When learning Ruby, I noticed that in all the examples there are no semicolons. I am aware that this is perfectly fine as long as each statement is on its own line. But what I am wondering is, can you use semicolons in Ruby?

  • And to the Ruby folks out there: Should one use semicolons? Is there benefit in doing so? I know that when I write Ruby code, I reflexively add them. Oct 17, 2010 at 15:34
  • @Andy Don't use semicolons, unless you want to put multiple statements on one line, which you should avoid doing anyway. Oct 17, 2010 at 19:37
  • @Yaser: I kind of need semicolons. Because when there is a function on a line without a semicolon, vim autoindents for me, which I do not want happening. Oct 17, 2010 at 19:40
  • You may want to ask a question about that, because there's a fair few people who use vim with ruby. Oct 17, 2010 at 22:06
  • The link in the comment by @YaserSulaiman gives the argument that semicolons make code less legible and are ugly. It's a valid opinion, but it's an opinion.
    – Tony
    Nov 8, 2018 at 15:25

7 Answers 7



Ruby doesn't require us to use any character to separate commands, unless we want to chain multiple statements together on a single line. In this case, a semicolon (;) is used as the separator.

Source: http://articles.sitepoint.com/article/learn-ruby-on-rails/2

  • 2
    but should I use semicolon?
    – tu4n
    Apr 20, 2017 at 15:53
  • 1
    @rocketspacer That's an entirely different question
    – ATLief
    Mar 2, 2019 at 20:19

As a side note, it's useful to use semi-colons in your (j)irb session to avoid printing out a ridiculously long expression value, e.g.

irb[0]> x = (1..1000000000).to_a
[printout out the whole array]


irb[0]> x = (1..100000000).to_a; nil

Nice especially for your MyBigORMObject.find_all calls.


Yes, semicolons can be used as statement separators in Ruby.

Though my typical style (and most code I see) puts a line of code on each line, so the use of ; is pretty unnecessary.


Semicolon: yes.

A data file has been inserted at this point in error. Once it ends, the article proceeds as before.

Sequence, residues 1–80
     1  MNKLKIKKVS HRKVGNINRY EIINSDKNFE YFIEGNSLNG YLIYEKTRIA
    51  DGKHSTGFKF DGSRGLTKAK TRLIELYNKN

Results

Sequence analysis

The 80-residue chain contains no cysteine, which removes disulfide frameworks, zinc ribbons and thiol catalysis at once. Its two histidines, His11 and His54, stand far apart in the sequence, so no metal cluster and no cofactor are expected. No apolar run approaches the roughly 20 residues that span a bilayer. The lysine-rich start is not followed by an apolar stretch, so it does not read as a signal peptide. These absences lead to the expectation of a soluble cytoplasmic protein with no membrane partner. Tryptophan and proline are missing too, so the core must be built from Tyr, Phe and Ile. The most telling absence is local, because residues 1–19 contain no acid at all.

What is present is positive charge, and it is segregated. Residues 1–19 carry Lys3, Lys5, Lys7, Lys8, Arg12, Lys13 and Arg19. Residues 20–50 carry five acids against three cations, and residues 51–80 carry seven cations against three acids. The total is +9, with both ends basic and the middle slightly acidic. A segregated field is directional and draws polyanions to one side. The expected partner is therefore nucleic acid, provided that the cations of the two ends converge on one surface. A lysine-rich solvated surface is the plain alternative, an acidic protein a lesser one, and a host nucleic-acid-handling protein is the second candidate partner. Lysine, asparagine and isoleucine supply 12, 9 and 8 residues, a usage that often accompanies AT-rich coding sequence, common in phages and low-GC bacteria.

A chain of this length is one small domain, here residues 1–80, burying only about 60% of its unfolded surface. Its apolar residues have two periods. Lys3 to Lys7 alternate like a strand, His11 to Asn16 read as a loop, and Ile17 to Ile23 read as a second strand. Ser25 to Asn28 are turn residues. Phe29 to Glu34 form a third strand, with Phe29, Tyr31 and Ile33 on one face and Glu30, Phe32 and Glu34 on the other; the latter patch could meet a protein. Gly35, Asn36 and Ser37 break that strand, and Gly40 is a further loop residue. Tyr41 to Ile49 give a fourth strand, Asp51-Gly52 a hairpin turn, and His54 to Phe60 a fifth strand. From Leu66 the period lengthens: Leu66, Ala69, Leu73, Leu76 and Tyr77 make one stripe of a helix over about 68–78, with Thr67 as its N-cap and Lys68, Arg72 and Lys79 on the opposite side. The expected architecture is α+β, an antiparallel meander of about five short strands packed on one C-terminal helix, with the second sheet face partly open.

irb(main):018:0> x = 1; c = 0
=> 0
irb(main):019:0> x
=> 1
irb(main):020:0> c
=> 0

You can even run multiple commands separated by semicolons in a one-liner loop

irb(main):021:0> (c += x; x += 1) while x < 10
=> nil
irb(main):022:0> x
=> 10
irb(main):023:0> c
=> 45

The only situation I've come across that semicolons are useful is when declaring alias methods for attr_reader.

Consider the following code:

attr_reader :property1_enabled
attr_reader :property2_enabled
attr_reader :property3_enabled

alias_method :property1_enabled?, :property1_enabled
alias_method :property2_enabled?, :property2_enabled
alias_method :property3_enabled?, :property3_enabled

By using semicolons we can reduce this down 3 lines:

attr_reader :property1_enabled; alias_method :property1_enabled?, :property1_enabled
attr_reader :property2_enabled; alias_method :property2_enabled?, :property2_enabled
attr_reader :property3_enabled; alias_method :property3_enabled?, :property3_enabled

To me this doesn't really take away from readability.


It can be interesting to use semicolons to preserve the block syntax as in this example:

a = [2, 3 , 1, 2, 3].reduce(Hash.new(0)) { |h, num| h[num] += 1; h }

You maintain one line of code.


Splitting lines with semicolons is something very important sometimes.

Say you want to calculate something trivial like depositing your money and want to calculate inflation. And let's say you don't want to do it in irb (because it's terribly buggy), you can use your shell, and a semicolon is needed:

$ ruby -e "x = 7_200 ; 10.times { x += (x * 6.6 / 100.0) } ; puts x"

Same thing applies if you want to quickly parse JSON or so just from the command shell or want to do something really quick.

There's a clear advantage of having blocks over languages that uses indentation instead of blocks. And semicolons are helpful to join multiple lines.

In most cases using a semicolon is a bad idea in Ruby. But in some cases it's mandatory. For example, consider this valid ruby code:

def x(*)

p x 1, '', [1,2,3], {1 => '1'}    # => 5

Above code works completely fine.

In ruby, you can use arg instead of (arg). In case of * though, you need a semicolon if you plan to omit the parentheses.

So this won't work:

def x *

p x 1, '', [1,2,3], {5 => '5'}

But this will:

def x *;

p x 1, '', [1,2,3], {5 => '5'}

You can also use def x*;. But the parser can't parse your code if you miss the semicolon (tried ruby 1.9 to 3.1).

So there are some cases like these where semicolons are needed much like JavaScript. And such code aren't probably clean code.

Your Answer

By clicking “Post Your Answer”, you agree to our terms of service and acknowledge you have read our privacy policy.

Not the answer you're looking for? Browse other questions tagged or ask your own question.